HONG KONG -- China has ousted its highest-ranking official in charge of Hong Kong after months of anti-government protests, further cementing control over the semi-autonomous city.
The change forms part of a bigger shake-up in the Chinese Communist Party, whose chiefs in coronavirus-stricken Hubei Province and its capital of Wuhan have been relieved of their duties.
Xia Baolong, a 67-year-old vice chairman of the Chinese People's Political Consultative Conference, was announced Thursday as the successor to Zhang Xiaoming, 56, as director of the Hong Kong and Macao Affairs Office at the State Council, China's cabinet.
"It is a widely expected move by Beijing to calm public anger in the midst of the virus crisis, which has given rise to concerns about economic recession and even the party's governance," said veteran China observer Bruce Lui, a senior lecturer in journalism at Hong Kong Baptist University.
"The utmost priority of Beijing now is to restore people's confidence by shoring up the economy," Lui said.
Replacing the Hong Kong affairs director at this critical time shows that stability in the financial hub is "very important strategically" to the Chinese economy, he said. As China struggles with such issues as mounting local government debt, Hong Kong could serve as a "lifesaving window" for raising foreign capital, Lui explained.
Xia is considered a close ally of Chinese President Xi Jinping from when Xi was Communist Party secretary of Zhejiang Province in the 2000s. He is also known for a hard-line approach in a 2015 campaign to demolish churches there. Yet Xia has no known experience in Hong Kong affairs.
"The choice reflects that the Communist Party aims to exert more control over Hong Kong policies by appointing more close allies to the office," Lui said. The party will continue tightening its grip on Hong Kong, and political reform "is unlikely in the near future," he said.
Meanwhile, former Hong Kong affairs chief Zhang was demoted to deputy director, making him the most senior official to lose his job since the anti-government protests broke out last year. His ouster follows Beijing's move in January to replace its top liaison here, also with an older cadre lacking Hong Kong experience.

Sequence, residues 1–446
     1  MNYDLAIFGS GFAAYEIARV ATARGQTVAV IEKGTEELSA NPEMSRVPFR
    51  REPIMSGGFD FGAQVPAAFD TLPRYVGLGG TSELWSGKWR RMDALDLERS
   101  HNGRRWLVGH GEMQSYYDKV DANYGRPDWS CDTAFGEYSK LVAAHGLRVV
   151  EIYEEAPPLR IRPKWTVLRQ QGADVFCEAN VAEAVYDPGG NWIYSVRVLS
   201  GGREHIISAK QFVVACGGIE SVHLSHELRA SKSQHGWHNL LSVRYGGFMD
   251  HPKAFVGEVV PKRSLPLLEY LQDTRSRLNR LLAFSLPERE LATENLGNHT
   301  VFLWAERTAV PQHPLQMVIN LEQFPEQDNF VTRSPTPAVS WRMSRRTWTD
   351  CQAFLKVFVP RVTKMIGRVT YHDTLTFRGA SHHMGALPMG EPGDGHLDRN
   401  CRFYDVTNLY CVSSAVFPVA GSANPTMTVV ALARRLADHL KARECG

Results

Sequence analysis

"Huge news for HK," tweeted Antony Dapiran, a Hong Kong-based lawyer and author of "City of Protest: A Recent History of Dissent in Hong Kong."
Now the two most senior Chinese leaders responsible for Hong Kong during the protests "have been booted out," Dapiran wrote. "That [Chief Executive] Carrie Lam still has her job just shows that she/the CE role is irrelevant" to Beijing's rule over Hong Kong, he added.
But scholars see Lam as unlikely to be replaced soon, even as she logs historically low approval ratings.
"It is difficult for Xi to make replacement in terms of potential candidates who can continue the repressive measures taken under Carrie Lam's rule," said Benson Wong, a politics lecturer in Hong Kong.
"She is only a puppet, so it is not important whether Lam would be in the position or not in this regard," Wong said.
"Carrie Lam is certainly the next in line" for replacement, Hong Kong Baptist University politics professor Kenneth Chan said. "The only reason why she is kept is President Xi has yet to come up with a person who could possibly obtain more than half of the 1,200-strong election committee to replace her."
"The problem for us in Hong Kong is such changes of appointment will not end the crisis, which is systemic," he said.